And I thought a doll had fallen asleep in my husband's slipper but I see that it is tucked in for the night on the stool instead.
I have just noticed the best of all though.
Two tiny playmobil men are standing with their arms at their sides as though ready to grapple if necessary and are facing each other nervously. One is dressed rather incongruously in a yellow storm trooper suit from some century yet to come, but is wearing a helmet that a stylish knight would have killed for, pardon the pun. The other little man may be one of the Beatles, or at least he has the hair and cloths that say 1960.
They are staring in awe at each other just as you would expect.
The little Beatle can't believe the war theme! It just doesn't work for him.
The alien time traveller is speechless.
I'm betting on who will move first.

alternate universe

There is a black hole that leads to an alternate universe in my hallway.
Well, maybe not, but there is a blackboard that looks like a family portrait from an alternate universe.
A sad faced princess fills the centre and is surrounded by marching stick men who are fighting their way through long pink grass. Two small but very sinister dinosaurs are obviously family pets. Two smiling babies recline good naturedly amongst random alphabet letters.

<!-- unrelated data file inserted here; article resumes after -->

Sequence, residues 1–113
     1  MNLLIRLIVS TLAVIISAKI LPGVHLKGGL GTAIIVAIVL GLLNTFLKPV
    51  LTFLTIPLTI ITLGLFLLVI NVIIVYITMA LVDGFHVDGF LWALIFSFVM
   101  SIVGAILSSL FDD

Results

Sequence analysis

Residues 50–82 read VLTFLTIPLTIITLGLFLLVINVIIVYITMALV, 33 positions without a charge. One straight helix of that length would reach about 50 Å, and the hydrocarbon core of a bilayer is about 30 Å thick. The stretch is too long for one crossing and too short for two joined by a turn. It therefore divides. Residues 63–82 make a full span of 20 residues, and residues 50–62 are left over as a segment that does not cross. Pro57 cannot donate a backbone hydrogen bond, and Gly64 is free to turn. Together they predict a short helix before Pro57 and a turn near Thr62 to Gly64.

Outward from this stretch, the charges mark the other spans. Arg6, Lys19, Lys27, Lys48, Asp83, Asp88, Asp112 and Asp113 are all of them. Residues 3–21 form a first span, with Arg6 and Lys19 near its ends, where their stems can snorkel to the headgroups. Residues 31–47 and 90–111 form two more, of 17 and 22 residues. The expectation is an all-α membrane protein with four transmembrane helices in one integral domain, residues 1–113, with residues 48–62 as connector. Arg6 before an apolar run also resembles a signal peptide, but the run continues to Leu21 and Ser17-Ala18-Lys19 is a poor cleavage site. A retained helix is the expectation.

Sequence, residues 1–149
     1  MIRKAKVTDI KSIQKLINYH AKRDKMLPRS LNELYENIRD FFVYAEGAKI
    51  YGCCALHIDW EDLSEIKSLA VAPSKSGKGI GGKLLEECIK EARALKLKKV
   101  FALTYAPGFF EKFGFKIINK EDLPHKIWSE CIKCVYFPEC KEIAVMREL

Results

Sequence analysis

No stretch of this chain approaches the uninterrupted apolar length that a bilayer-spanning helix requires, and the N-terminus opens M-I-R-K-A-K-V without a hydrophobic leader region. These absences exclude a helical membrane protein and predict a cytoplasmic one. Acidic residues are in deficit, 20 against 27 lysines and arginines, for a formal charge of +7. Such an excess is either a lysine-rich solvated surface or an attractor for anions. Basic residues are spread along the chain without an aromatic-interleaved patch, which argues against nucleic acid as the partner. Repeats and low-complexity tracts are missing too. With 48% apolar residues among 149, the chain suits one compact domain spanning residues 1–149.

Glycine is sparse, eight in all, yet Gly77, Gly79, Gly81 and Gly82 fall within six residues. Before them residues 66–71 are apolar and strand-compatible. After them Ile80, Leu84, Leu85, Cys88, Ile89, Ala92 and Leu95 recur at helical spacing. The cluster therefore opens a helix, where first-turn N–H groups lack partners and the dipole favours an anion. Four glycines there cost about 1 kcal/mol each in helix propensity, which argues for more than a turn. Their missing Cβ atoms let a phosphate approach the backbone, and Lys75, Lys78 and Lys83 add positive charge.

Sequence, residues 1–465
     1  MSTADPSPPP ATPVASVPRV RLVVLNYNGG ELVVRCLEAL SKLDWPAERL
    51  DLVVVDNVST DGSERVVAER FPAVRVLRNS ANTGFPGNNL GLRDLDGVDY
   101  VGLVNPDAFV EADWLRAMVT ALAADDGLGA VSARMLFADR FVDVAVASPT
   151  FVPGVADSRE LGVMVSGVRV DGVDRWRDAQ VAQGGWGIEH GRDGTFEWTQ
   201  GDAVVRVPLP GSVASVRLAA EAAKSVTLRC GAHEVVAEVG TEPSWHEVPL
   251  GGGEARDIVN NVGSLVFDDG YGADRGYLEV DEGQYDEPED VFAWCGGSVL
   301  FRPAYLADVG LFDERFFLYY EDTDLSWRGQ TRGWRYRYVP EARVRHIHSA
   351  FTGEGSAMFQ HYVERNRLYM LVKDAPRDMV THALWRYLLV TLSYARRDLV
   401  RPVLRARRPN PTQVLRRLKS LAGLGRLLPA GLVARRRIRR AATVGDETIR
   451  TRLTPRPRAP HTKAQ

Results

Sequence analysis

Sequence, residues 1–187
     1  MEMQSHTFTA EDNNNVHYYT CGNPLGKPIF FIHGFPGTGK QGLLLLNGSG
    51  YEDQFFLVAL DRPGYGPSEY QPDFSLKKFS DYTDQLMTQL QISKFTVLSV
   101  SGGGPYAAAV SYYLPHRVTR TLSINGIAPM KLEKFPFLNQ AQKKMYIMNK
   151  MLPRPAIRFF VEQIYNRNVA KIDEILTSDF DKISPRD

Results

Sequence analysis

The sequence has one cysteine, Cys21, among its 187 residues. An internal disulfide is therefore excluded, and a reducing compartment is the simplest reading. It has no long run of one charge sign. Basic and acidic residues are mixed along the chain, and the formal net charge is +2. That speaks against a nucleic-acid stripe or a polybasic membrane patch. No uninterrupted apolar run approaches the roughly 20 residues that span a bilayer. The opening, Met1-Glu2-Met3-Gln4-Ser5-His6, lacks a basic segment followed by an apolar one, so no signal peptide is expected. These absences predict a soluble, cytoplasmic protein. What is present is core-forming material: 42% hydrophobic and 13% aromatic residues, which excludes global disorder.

The upper right corner of this strange melange holds a cryptic message. Veg. dessert 5:30. A reminder of some long ago potluck and the other corner contains a friend's phone number, a sort of 911 back up.
I've loved watching this particular group emerge over time. Chalk drawings are surprisingly resilient but it's just a matter of time.
I'm going to miss the brontosaurus though.

Thursday, August 4, 2011

sweet Son

Wading out into cold water is a breath taking experience; Wading out into cold, swiftly running water almost heart stopping.
A river deep and green sweeps the banks of Clearwater Bible Camp. Several decades of campers dabbled at its shores and drifted off to sleep to the steady shushing of swirling current.
Late in the summer as the last of the mountain snows yield to the sun, the river level drops. Rocks glisten and eventually grey in the afternoon heat.
There, attainable at last, lies an island with a long languid stretch of sand.
Silky, white sand.
Suntanning sand and daydreaming and reading sand.
I inevitably heeded the siren call, bundled up my beach loot and waded bravely out.
It took some work balancing on the slippery rocks while icy water pulled and pulled and swirled.
I always reached a spot where I knew I couldn't go on, but realized too that going back was further.
My leg bones were achingly cold and my feet were cramped from trying to grip the smooth rocky river bed.
Somehow, I would stagger and slip my way to the distant shore.
And the sand! Oh the sand!! So powdery soft and soothingly warm.  As exotic as a Tahitian beach to my young eyes.
I don't know why that memory came to mind tonight but it seems the perfect metaphor.
There are always plans embarked on with great optimism. Then things get a bit rocky, and painful and I know I can't go on, but I can't go back either.
My arms are full of heavy things.
And at last, the sand is under my feet, the sweet Son is shining, always was shining.